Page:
6 Channel Direct Surround Audio (1/8″ submini) — The same as the above, just presented as three pairs of 1/8″ submini stereo jacks (again, like you’d see on headphones). Usually coded black for front channels, green for rear, and yellow for center channel and subwoofer.

Digital Audio Wiring

Digital Audio (Optical) (aka “TOSLINK”) — A single fiber optic cable that carries digital surround information to a receiver that then decodes it and attaches the speakers, etc.

Digital Audio (Coax) — The same as the above, just carried on a (specialized) RCA style cable instead of fiber optics. Can be converted to / from Optical with an adapter.

Buying Cables

The difference in performance between the cheapest cables you can buy and the most expensive is far, far less than the difference in the price between them.

Outside of issues of shear quality — bad solder joints, broken conductors, etc., you’re probably not going to see or hear the difference between a 6 dollar cable and a $60 (or even $600) “high end audiophile/videophile” cable.

In fact, in the case of digital connections (DVI / HDMI / Digital Audio Coax / TOSLINK) there should be no difference, detectable or otherwise; being a digital connection, it will either work or not; it won’t get static or interference.

Unfortunately, the “high end audiophile/videophile” cables are about the only cables some of the consumer electronics shops sell.

If you can stand to wait, you’ll do your wallet a lot of good NOT buying the expensive cables where they sell the TV, and going to a basic electronics shop (Radio Shack used to be good for this, but they’ve got the “monster” bug these days too; if you can’t find a cheap cable there, look for an independent electronics shop) or even your local home improvement warehouse to buy cables.

If you can plan ahead a bit, or wait a bit, you’ll probably do even better to buy online from monoPrice — they’re inexpensive, honest, and have great cables. Even overnighting cables from them is cheaper than buying the “high end stuff” in most places.

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2 Responses to “Basic HDTV Cabling – How To”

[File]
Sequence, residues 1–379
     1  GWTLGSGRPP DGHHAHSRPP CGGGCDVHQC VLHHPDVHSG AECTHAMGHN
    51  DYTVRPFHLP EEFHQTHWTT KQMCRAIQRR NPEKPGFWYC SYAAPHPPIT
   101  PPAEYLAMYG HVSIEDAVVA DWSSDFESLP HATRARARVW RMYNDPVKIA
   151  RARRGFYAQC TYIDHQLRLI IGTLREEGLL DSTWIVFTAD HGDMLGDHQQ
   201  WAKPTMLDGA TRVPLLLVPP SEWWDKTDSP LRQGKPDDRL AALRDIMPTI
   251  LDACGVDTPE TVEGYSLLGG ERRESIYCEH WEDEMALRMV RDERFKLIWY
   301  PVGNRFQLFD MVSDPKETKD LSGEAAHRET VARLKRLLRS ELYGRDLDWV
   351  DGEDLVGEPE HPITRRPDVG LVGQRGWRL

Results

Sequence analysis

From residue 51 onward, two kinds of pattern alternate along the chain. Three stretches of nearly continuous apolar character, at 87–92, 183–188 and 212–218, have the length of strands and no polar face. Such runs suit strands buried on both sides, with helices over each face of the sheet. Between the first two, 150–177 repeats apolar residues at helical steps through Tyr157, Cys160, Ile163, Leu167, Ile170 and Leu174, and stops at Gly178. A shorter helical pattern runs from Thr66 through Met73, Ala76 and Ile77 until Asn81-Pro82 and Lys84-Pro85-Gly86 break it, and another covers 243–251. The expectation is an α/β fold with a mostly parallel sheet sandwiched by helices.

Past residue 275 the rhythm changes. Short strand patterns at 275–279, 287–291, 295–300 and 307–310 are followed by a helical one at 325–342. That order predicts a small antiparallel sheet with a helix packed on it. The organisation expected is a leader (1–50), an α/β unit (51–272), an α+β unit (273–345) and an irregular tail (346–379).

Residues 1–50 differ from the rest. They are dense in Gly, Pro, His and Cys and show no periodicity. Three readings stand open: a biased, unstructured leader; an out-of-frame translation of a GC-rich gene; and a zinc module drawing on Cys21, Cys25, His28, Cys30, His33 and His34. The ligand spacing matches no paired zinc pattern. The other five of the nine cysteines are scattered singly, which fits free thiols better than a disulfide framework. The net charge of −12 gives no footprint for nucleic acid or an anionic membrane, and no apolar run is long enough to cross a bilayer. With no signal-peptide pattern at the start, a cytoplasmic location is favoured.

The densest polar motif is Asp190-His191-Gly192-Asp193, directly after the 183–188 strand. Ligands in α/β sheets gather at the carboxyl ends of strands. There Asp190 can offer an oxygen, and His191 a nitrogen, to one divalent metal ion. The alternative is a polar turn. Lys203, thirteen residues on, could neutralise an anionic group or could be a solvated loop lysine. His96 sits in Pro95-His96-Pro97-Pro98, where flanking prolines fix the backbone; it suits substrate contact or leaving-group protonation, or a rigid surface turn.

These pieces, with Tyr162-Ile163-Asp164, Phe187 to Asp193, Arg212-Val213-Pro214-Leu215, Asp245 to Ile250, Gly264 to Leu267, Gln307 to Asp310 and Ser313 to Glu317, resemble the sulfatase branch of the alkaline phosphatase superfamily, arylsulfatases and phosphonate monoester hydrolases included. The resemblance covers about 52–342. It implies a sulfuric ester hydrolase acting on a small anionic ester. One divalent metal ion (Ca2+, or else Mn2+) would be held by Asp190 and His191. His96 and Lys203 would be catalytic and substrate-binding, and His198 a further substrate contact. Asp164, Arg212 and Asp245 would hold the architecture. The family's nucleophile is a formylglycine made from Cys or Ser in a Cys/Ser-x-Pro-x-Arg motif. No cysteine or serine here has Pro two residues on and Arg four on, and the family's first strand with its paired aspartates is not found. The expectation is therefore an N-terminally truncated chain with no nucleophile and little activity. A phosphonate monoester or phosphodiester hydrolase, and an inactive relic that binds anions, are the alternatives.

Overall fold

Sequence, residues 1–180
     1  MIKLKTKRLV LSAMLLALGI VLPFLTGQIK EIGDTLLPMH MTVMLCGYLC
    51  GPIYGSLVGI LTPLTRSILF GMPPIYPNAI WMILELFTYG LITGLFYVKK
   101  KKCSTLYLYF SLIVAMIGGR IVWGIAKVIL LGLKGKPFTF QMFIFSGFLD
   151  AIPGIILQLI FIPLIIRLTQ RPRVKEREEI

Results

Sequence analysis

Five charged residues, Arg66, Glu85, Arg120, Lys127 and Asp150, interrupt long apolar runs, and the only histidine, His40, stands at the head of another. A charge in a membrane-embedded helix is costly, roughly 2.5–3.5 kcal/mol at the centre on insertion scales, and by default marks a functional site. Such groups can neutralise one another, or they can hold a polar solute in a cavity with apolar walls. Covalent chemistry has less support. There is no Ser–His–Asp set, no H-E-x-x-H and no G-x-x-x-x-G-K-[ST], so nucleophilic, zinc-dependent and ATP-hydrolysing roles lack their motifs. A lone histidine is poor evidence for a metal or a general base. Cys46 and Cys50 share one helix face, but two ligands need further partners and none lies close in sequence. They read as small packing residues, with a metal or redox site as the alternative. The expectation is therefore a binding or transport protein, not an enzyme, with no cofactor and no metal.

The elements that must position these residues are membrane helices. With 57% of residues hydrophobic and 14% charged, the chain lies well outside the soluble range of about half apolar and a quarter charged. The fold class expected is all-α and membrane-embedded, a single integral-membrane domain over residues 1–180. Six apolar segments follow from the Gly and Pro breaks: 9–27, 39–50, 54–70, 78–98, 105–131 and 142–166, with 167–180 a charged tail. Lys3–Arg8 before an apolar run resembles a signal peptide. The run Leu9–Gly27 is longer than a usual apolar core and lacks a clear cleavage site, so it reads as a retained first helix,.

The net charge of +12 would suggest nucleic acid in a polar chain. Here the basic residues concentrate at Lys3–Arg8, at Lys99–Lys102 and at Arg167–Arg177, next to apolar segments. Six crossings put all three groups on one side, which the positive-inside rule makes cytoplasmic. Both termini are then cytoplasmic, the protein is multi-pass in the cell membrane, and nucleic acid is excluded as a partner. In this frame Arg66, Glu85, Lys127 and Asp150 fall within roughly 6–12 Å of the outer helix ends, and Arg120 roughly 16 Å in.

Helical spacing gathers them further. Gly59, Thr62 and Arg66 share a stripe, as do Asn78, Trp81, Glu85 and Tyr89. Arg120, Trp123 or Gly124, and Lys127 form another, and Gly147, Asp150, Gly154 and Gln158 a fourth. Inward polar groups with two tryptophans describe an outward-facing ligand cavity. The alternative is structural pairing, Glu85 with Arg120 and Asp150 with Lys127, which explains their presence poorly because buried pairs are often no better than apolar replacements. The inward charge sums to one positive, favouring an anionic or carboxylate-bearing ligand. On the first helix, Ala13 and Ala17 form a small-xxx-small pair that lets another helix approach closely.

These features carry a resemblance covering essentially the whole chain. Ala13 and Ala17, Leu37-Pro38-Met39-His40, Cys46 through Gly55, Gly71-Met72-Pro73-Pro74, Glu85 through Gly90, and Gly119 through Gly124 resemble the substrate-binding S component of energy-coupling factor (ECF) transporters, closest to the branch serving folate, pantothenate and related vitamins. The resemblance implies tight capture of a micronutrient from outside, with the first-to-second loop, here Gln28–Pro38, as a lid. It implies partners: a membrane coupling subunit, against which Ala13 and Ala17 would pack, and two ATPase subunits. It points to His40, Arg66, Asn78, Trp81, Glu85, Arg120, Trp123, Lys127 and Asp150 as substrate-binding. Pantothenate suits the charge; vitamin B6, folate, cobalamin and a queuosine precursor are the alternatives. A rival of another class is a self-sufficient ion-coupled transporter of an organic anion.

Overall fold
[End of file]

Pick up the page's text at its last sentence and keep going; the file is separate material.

1. Mike on December 12th, 2006 12:50 am

    Thanks for the great article. Two questions,

    1) If using the standard red, white and yellow rca cables, is it even possible to get dolby 5.1 sound?

    2) If using a digital audio cable (fibre or coax), does the receiver automatically know where to direct the sound or is there another step? Seems odd that one cable could direct sound to 5 speakers plus a sub woofer.


  2. Chuck Lawson on December 12th, 2006 10:08 am

    Hi Mike!

    1) Sorta — for various values of “Dolby 5.1 sound” anyway. The predecessor of modern Digital Dolby surround was “Dolby Prologic”, which encoded some surround information in the analog stereo channels. If you have a receiver that supports Dolby Prologic, and a signal source encoded with it, you can get a species of surround sound from the analog stereo signal carried on the red and white cables. It’s not going to be as well defined as Digital Dolby or DTS (Dolby Theater Sound), but it’s better than nothing.

    2) The other step is actually preformed in the receiver, and that’s the decoding of the digital signal into the surround information. Don’t think of that one cable as sending a single analog signal — rather it’s carrying a bitstream of digital information that includes the data required to reproduce the proper sound for each channel — somewhat like a single coax cable from a rooftop antenna can carry all of the digital information required to reproduce an off-the-air HD picture.

    Depending on your receiver, you may need to switch it to the right settings to decode Digital Dolby or DTS from the digital audio stream; most receivers have a variety of settings to tell it how to decode it, and how to modify the decoded signal to best fit the constraints of your speaker system and your listening environment.

    Hope that helps…